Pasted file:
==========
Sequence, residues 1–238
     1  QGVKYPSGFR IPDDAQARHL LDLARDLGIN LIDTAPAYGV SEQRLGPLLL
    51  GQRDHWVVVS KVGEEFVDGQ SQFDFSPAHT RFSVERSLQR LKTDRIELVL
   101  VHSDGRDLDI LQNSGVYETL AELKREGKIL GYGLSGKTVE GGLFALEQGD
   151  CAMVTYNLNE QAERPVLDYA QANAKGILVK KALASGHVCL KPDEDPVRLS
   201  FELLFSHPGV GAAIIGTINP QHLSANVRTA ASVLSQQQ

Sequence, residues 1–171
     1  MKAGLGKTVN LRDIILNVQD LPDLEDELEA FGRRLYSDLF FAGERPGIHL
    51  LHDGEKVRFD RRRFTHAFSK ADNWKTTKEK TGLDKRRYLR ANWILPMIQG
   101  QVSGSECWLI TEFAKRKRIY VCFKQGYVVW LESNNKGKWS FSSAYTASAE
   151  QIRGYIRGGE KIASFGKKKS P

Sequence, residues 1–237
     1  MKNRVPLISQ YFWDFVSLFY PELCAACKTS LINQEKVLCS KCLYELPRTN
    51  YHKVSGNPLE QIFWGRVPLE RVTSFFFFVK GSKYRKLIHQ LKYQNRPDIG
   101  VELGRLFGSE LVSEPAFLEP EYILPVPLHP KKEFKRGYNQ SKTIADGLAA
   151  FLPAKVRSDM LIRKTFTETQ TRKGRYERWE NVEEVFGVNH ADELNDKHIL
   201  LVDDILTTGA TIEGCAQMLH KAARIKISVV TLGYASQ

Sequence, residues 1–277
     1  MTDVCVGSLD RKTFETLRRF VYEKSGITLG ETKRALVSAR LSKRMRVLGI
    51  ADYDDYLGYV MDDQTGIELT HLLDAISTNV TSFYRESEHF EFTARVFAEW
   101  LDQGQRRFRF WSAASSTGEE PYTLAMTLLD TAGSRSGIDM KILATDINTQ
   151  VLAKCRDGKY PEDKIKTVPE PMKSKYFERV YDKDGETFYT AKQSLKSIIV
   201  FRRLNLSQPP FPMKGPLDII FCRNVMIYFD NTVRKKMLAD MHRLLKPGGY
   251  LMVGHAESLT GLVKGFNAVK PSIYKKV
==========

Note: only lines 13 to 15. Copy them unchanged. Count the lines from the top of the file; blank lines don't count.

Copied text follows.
     1  MKNRVPLISQ YFWDFVSLFY PELCAACKTS LINQEKVLCS KCLYELPRTN
    51  YHKVSGNPLE QIFWGRVPLE RVTSFFFFVK GSKYRKLIHQ LKYQNRPDIG
   101  VELGRLFGSE LVSEPAFLEP EYILPVPLHP KKEFKRGYNQ SKTIADGLAA